Friday, March 25, 2011
Remarks of His Eminence Archbishop Demetrios of America
On the Occasion of Greek Independence Day of March 25, 1821
The White House
March 25, 2011
It is a joy and a privilege that we are your guests at the White House once again as we mark the 190th anniversary of the Greek Revolution of 1821 and the 25th anniversary of the celebration of Greek Independence Day at the White House. Thank you for the honor that your invitation bestows, not only on us, but also on all Greek Orthodox Americans.
The day of Greek Independence is celebrated throughout the Greek-American community with joyous gatherings and solemn declarations that God has put down the mighty from their thrones, and exalted the humble, even as we read in the Gospel (Luke 1:52). Our presence here at the home of the leader of the free world is both a celebration of this sacred word and its actual fulfillment.
The proclamation that you signed today tells the same story of an incredible reversal of fortunes. Prior to March 25, 1821 the Greek people were in a condition of abject oppression lasting four centuries. Under the Ottoman occupation they lived in poverty and religious oppression, deprived of human dignity. From them, in essence, every good thing had been taken away.
Everything, that is, except their faith. They never lost their faith in the God who exalts the humble and opposes the arrogant. With that faith came heroic courage. With that faith came a spirit of amazing self-sacrifice. With that faith came the visionary foresight to hope and to strive for a day when their children and grandchildren and great-grandchildren could without fear sing songs of victory and freedom and rejoice over the exaltation of the lowly and the overthrow of the haughty and mighty.
Mr. President, your proclamation honors those faithful patriots of 1821. But it also issues a challenge to us in our world of the present day. Every March 25th we celebrate the miraculous reversal of fortunes, not only for a single generation of Greeks, but as an expression of divine justice that will occur, by God’s grace, in every generation. We cannot champion this idea without also asking ourselves where are we at the present time. To the extent that we do not raise our voices on behalf of the downtrodden and the oppressed, to the extent that we do not share our blessings with the needy and destitute, to the extent that we do not provide freedom and dignity to the enslaved and the exploited by tyrannical regimes, to that same extent we seat ourselves alongside the arrogant and mighty, with the result that we invite upon ourselves their same ultimate fatal destiny.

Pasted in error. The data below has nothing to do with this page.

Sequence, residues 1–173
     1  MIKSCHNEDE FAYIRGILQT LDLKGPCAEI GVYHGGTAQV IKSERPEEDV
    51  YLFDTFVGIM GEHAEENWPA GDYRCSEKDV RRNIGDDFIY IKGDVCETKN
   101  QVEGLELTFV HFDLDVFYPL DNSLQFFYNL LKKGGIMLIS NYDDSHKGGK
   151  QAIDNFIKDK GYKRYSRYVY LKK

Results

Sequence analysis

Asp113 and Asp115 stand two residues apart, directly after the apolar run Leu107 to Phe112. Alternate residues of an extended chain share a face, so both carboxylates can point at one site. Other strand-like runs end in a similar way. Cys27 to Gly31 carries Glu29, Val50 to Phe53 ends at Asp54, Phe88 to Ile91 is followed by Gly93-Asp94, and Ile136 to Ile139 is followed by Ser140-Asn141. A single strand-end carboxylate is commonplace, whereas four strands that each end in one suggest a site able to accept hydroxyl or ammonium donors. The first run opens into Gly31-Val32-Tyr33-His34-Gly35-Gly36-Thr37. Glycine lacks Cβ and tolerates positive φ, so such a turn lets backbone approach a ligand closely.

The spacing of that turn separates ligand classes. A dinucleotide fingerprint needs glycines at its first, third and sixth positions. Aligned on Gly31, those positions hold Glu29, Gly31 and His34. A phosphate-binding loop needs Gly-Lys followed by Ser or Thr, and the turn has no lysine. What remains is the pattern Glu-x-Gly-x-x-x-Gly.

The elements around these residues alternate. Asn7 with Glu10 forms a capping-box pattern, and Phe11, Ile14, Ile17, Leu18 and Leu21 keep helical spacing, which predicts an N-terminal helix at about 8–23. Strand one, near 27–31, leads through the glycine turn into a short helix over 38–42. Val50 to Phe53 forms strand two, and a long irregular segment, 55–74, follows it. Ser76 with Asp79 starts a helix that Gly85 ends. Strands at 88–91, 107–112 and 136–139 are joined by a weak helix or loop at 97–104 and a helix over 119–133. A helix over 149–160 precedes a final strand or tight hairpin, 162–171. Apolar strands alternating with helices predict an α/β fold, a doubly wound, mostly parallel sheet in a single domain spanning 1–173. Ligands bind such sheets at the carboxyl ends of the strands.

For this reason, Mr. President, please know that you and your family remain in our fervent prayers as you lead our great nation. May God grant you wisdom and courage as you contend daily with tremendous challenges in our own land and around the world. May your voice be strong and clear in advocating for democracy and freedom for all people, based on the principles of self-determination, religious freedom, and the rule of law.
We take this opportunity today to thank you personally for your continued specific leadership in matters relating to the rights of our Ecumenical Patriarchate in Turkey, for the safety and freedom of religious minorities in places of oppression, for satisfactory and fair political solutions in Cyprus and the FYROM in the Balkans, and for the success of democratic movements in all parts of the world.
Not only do we thank you, Mr. President, but we also offer the support of the Greek Orthodox community of America in your efforts to provide aid to the victims of the huge catastrophic events, like the tsunami in Japan, to establish stability to our economy, and environmental well-being to our planet, and to assist the peoples of Northern Africa, Near, Middle and Far East in their noble fights for freedom and democracy. Indeed, in every way that you are laborious for the reversal of fortunes of the oppressed, we ask for the honor of being your fellow-laborers. For this is for us the truest celebration of the spirit of the Twenty-Fifth of March and the Day of Greek Independence.
Again, Mr. President, thank you, and may the blessings of the Lord be richly upon you, your beloved Family, and our noble Nation.